GalleyCat tackles, once again, the subject of book reviews in main stream media: Should we mourn the dying book review? As they say, "We've long considered (argued, really) the possibility that the so-called "crisis in book reviewing" is really only a crisis for a handful of staff editors and freelance writers who are occasionally helpful in steering people towards interesting new books but not, ultimately, indispensable." GalleyCat goes on to say it's more important to get prepub buzz; and trusted opinions. It points out (for genres, at least) that online people gained the trust of readers because the mainstream media let those readers down.
I'm looking at this, of course, thru the lens of children's/YA and a librarian to boot. And, of course, reviews can mean so many things.
Professional reviews to get other professionals to buy stuff -- these won't be going away anytime soon.
When it comes to blogs and the like, yes, we help bring books to the attention of teachers and librarians. But those teachers and librarians will still need reviews from SLJ and Hornbook and Booklist and Kirkus, to support their buying decisions, place the book in the right area of the library, and to defend against challenges.
Blogs are also not arranged for someone who is going looking for what to buy, not the way these journals are. In addition, blogs come and go. Great ones disappear. Or, like me, other things happen -- my number of reviews of books has been cut back drastically because of being on the Printz committee. Journals have stability that at this point, independent blogs lack.
Blogs don't always write for the buying audience. Some do; some do sometimes. I've read of authors being frustrated at reviews that "give away the ending," but that is exactly the type of thing that a librarian who is never going to read every book in his or her library needs to know. They don't need a synopsis, which they can get from the publisher's catalog; they need to know whether its the type of book "their" kids and teens will read, so yes, that often includes "giving" away plot points. Because the purpose of these reviews isn't to get someone to read the book; it's to get them to buy the book so someone else will read it.
Reviews to get me to read a book.
My personal 'what to read next' pile is influenced by a variety of things; bloggers, newspapers, authors I like, covers that look attractive, friends, articles in magazines, etc. As I've said before, children's/YA books get little mainstream media coverage; blogs have filled a gap. And, at least it seems to me, I've seen more mainstream media coverage of children's/YA in the past few years. Which is good. I don't want to see mainstream coverage of books disappear; it would be a loss. And, frankly, I don't think the blogosphere can "take over" for that disappearing coverage. What we can do is complement each other.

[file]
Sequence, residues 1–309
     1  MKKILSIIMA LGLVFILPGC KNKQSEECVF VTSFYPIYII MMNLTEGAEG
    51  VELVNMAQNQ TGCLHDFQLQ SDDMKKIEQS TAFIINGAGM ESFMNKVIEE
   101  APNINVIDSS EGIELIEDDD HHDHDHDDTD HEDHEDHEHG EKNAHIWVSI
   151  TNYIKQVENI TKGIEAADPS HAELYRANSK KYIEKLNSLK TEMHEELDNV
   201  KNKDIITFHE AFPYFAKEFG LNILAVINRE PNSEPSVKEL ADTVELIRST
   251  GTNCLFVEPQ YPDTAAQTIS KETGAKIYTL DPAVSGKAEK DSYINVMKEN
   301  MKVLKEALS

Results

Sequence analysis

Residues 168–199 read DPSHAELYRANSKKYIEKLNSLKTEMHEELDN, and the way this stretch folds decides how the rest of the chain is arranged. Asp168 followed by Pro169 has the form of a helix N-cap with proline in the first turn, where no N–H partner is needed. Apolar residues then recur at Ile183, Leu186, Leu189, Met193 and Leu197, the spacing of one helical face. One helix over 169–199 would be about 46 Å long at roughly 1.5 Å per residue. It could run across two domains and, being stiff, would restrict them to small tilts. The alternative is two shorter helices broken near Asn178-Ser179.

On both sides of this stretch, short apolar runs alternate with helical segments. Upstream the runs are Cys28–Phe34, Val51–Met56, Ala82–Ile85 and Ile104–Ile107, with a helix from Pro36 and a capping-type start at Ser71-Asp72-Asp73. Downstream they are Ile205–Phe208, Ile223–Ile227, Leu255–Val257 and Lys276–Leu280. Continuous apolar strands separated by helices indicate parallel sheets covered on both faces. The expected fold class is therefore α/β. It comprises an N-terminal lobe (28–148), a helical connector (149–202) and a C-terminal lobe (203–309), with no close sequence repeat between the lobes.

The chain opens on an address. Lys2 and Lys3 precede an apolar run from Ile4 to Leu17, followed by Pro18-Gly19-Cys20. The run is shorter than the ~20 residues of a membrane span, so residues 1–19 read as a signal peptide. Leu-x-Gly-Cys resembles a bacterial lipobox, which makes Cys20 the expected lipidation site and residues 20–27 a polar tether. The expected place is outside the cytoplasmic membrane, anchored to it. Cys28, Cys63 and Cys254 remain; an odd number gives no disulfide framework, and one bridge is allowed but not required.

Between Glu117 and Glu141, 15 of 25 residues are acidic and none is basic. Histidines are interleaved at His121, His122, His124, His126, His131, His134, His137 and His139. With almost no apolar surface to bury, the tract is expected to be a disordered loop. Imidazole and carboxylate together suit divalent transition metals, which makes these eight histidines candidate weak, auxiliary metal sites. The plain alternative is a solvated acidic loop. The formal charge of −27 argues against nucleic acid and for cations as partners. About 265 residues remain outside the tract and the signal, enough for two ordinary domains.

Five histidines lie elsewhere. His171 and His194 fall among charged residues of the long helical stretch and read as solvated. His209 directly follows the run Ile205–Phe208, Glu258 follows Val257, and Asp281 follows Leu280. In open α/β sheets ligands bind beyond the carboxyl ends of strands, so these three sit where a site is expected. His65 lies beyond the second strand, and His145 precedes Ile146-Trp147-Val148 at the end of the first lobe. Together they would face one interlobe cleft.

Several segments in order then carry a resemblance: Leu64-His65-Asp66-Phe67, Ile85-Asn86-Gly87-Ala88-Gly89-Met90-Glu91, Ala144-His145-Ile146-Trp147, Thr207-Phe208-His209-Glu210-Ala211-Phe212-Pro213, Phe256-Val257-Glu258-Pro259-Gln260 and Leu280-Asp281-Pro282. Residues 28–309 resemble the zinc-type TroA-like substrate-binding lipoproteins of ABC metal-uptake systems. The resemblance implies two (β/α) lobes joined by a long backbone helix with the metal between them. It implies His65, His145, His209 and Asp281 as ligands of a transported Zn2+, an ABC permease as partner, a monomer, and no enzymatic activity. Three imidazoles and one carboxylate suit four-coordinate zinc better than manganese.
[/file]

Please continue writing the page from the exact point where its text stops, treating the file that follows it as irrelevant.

Reviews that make me think about what I've read
Some reviews are really nothing more than mini ads to get me to read a book. Nothing wrong with that; if its a reviewer I trust, and they mention reasons for me to read something that reflect my own reading tastes, perfect.
But a review can also push beyond that; and become a discussion of the book. And while some people may be intrigued by that discussion to read the book, it is as much for the people who have already read it. And this, I think, is where online blogging has helped people tremendously; they have given people a place to talk about books. And, as I said above, it is too bad that mainstream media didn't realize sooner that while yes, I do like to read the experts opinion in The New York Times, I also like to be able to respond and to talk and to discuss and to have my own opinion valued. The "listen to me I know better than you" model has disappeared. It's become the "let's discuss it" model.
That said, frankly, I do think some people do in fact "know better" than others. Reviewers and bloggers who have no sense of literary history (ie a "this idea has never been done" type of review) turn me off; I like writers who can link a book and connect it to other works, or historical perspective, etc. Frankly, some people do know more about certain things and their writing is richer for it. And some people have no idea what they are talking about. Here's the thing: the people who know stuff can just as easily be bloggers; and the people who have no idea can just as easily be writing for traditional print media. The assumption that the newspaper writer always knows better is gone. And newspapers, instead of clinging to that presumption, should have gone looking for fresh blood and reexamined whether or not their experts were, in fact, knowledgeable.
It's not too late for print media
That said, I think too main mainstream outlets are "giving up". This is a time to be inventive; to think outside the box; to realize that bloggers and their readers are not "the enemy." I think SLJ has a great model that newspapers should pick up: having their traditional print reviews, but also having bloggers like Fuse who review on their blogs. Bottom line: instead of cutting back book reviews, newspapers and magazines should be increasing the book-talk that appears on their websites.
In which I say why princesses aren't evil role models and cry about the Slate article about how programming parents are scared of dolls ...
Celebrate! Connections Among Cultures by Jan Reynolds. About: (because it sounds odd to say the Plot for nonfiction books.) A look at cultu...